The general increase in temperature due to the climate impact could reduce the production of four of the most relevant crops, such as grapes, olives, tomatoes and wheat, while tourism could find it difficult to maintain its current attractiveness, especially in the highest season.
“UNIQUE OPPORTUNITY” FOR SPAIN TO LEAD THE TRANSITION
The scenario imagined by the consultant would also have a direct and substantial impact on the economy, supporting more than 1,100,000 jobs on average until 2050, which is 200,000 more jobs than in the scenario based on current decarbonization policies .
Joseba Eceiza, leader of the Sustainability Practice in Spain and Portugal at McKinsey, has highlighted that “the global economy is facing the greatest reallocation of capital in history” and Spain is facing “a unique opportunity to lead this ecological and economic transition” .
Between 2007 and 2019, Spain managed to reduce its emissions by 32%, compared to 20% in the rest of Europe, mainly thanks to investment in renewable electricity generation capacity.
In order to continue making progress in the ecological transition, it will require, according to McKinsey, the joint action of all sectors of the economy in Spain, ensuring “that resources, technologies and supply chains are available at scale, that adjustments in economic variables are carried out in a sustainable and inclusive manner and that both the public and private sectors sustain their commitments and move towards their objectives in a constant manner”.
The report concludes that Spain already has the key conditions to be a green pole in Europe: it has the second highest level of wind power capacity penetration after Germany, highly competitive photovoltaic solar energy and a highly developed gas transportation infrastructure. that could be used to transport hydrogen.
David González, senior partner at McKinsey and leader of the Energy and Materials practice in Spain and Portugal, stated that “Spain could go from being one of the global leaders in the new decarbonized economy, establishing a sustainable hub with a global reach and facilitating the ecological transition of other countries in the region”.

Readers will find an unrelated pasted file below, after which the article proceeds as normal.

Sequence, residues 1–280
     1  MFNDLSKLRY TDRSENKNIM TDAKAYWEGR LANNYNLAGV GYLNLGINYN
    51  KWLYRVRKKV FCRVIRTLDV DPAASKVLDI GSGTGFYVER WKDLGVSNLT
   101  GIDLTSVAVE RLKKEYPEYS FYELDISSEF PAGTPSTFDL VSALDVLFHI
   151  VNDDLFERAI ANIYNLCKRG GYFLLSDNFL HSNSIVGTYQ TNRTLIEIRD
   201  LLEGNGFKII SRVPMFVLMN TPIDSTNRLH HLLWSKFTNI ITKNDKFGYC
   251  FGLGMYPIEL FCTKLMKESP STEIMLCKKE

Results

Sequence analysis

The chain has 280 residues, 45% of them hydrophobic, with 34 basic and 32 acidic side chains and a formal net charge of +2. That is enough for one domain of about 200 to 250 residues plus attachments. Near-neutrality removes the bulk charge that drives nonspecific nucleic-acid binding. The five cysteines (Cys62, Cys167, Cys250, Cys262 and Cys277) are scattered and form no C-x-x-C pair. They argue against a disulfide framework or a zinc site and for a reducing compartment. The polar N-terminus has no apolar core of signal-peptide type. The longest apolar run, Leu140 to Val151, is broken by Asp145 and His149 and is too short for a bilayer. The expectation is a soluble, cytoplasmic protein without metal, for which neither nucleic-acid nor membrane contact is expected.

González pointed out that “the strategic position and excellent infrastructure for natural gas could be leveraged towards the transport of hydrogen to supply the rest of Europe”, whether it is produced locally or imported from North Africa, and that Spain has “great potential of carbon absorption” as it is the eighth country in the EU with the largest forest cover, 37% of its total area, compared to 34% of the European average.
THE BANKING SECTOR AS A DRIVER
McKinsey & Company calculates that it will be necessary to invest more than 700 million euros in green technologies until 2030 to accelerate decarbonization and emphasizes the fundamental role of the banking sector in driving access to credit and the transition.
In fact, the banking supervisor is already redoubling efforts to ensure that the climate factor is considered in credit risk management, and many entities reward their clients for decisions that promote sustainability through loans for electric vehicles or improvement of conditions in mortgages with efficient energy consumption.
Individual transition plans for companies, the development of new technologies such as green hydrogen or home improvements in relation to energy consumption are also financed. McKinsey anticipates that in the coming years the financing of projects that favor the transition and of green activities will be the main focus of banking efforts, encouraged by the advancement of European legislation to complement the capital ratio with the green asset ratio.